At our February meeting, Stephen Santore spoke to us about how type theory provides a foundation for encouraging us to reach for that expanded potential we have by harnessing all four mental functions and developing our psychological opposites.
1. There are nametags and crayons on your table. Make a nametag for yourself.
Some people drew; some wrote. Some used one color; others used multiple colors.
Did you wish you had more time? Something other than crayons? Did you think the exercise was silly? Did you wish you were outside? How does your Type affect the way you think about things like this exercise?
2. There are paperclips at your table. How long can you get a paperclip to spin without leaving the surface of the table.
Some people poked the paperclip with a finger or set a pen (or another paper clip) into the round end and spun it around that point. One member bent his paperclip into a top and set it spinning to the oohs and aahs of the room.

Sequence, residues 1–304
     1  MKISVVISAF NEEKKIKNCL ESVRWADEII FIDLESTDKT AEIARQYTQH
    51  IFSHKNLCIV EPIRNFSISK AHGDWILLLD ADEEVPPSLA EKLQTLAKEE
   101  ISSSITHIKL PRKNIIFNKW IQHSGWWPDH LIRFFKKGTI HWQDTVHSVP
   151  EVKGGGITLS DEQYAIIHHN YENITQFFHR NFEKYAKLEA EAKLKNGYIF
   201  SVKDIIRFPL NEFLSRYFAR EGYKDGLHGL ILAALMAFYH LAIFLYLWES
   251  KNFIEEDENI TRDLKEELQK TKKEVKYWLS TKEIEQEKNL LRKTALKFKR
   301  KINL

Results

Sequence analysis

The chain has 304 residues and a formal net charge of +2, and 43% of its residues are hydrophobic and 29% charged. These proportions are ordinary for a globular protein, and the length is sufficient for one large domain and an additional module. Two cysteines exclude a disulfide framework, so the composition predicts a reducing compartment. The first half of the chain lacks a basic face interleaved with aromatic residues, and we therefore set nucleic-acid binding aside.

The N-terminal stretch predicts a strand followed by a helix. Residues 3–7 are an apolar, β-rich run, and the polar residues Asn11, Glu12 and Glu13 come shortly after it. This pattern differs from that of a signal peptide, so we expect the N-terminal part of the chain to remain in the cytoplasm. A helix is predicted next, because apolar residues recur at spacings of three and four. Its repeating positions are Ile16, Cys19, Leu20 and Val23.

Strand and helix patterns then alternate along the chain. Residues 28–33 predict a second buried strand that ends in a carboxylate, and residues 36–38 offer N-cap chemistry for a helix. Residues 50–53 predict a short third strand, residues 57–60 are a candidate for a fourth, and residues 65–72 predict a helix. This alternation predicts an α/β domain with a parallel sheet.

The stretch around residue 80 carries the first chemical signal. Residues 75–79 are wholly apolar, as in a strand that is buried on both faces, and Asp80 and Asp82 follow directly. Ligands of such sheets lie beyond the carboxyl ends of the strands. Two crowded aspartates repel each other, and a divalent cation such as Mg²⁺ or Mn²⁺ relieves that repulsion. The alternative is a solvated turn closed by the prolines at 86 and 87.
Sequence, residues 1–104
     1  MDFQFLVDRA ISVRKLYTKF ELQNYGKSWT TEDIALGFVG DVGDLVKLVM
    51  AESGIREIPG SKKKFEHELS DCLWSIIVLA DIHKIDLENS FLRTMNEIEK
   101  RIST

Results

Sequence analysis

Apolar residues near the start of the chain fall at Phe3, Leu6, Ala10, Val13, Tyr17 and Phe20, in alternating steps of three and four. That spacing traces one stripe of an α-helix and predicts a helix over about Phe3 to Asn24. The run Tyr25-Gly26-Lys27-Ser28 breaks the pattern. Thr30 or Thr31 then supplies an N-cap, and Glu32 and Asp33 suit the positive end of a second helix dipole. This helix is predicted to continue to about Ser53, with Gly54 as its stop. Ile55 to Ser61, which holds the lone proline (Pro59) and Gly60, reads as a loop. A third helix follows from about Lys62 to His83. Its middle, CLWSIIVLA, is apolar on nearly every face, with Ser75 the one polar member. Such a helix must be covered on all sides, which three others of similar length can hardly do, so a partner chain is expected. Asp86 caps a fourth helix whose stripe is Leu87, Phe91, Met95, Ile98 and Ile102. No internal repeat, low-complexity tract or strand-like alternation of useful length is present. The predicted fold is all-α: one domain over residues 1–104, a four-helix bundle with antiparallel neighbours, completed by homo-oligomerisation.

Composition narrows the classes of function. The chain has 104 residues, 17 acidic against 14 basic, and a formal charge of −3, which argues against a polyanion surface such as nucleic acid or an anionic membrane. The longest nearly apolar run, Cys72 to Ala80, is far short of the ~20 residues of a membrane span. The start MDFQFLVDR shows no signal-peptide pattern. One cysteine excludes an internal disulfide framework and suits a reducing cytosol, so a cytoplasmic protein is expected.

Why did we all get up and crowd around that member? What made his solution worthy of appreciation? Were our own solutions less worthy? If we got the paperclip to spin, was that not a solution to the problem? Hint: we weren't asked to create a top from a paper clip. How would the solutions have been different if we had been asked that?
One member remarked he sees patterns and likes puzzles that require looking for patterns. With this [paperclip] exercise, he said, "it wasn't about patterns, so it didn't grab my attention".
Key Elements of Innovation
Steve suggests that innovation has four key elements, in a cycle. The cycle does not have to start at any particular location.
You may be given an objective by your manager or a client. Or, you may start in the "collect information" phase, because you saw something that caught your attention and spurred your imagination.
The last group exercise was for each table to consider an objective: come up with a new pancake mix. Some groups talked about things like ease of preparation - a mix that needs no stove or skillet so it would wrk on a camping trip or mix that needs no water. We all applauded the group that came up with "Marijuana pancakes" - the more you eat, the more you want!
Steve left us with the idea that we can all harness innovation if we use our preferred (and less preferred) ways of using perception and judging, with a bit of thought and imagination for what could be.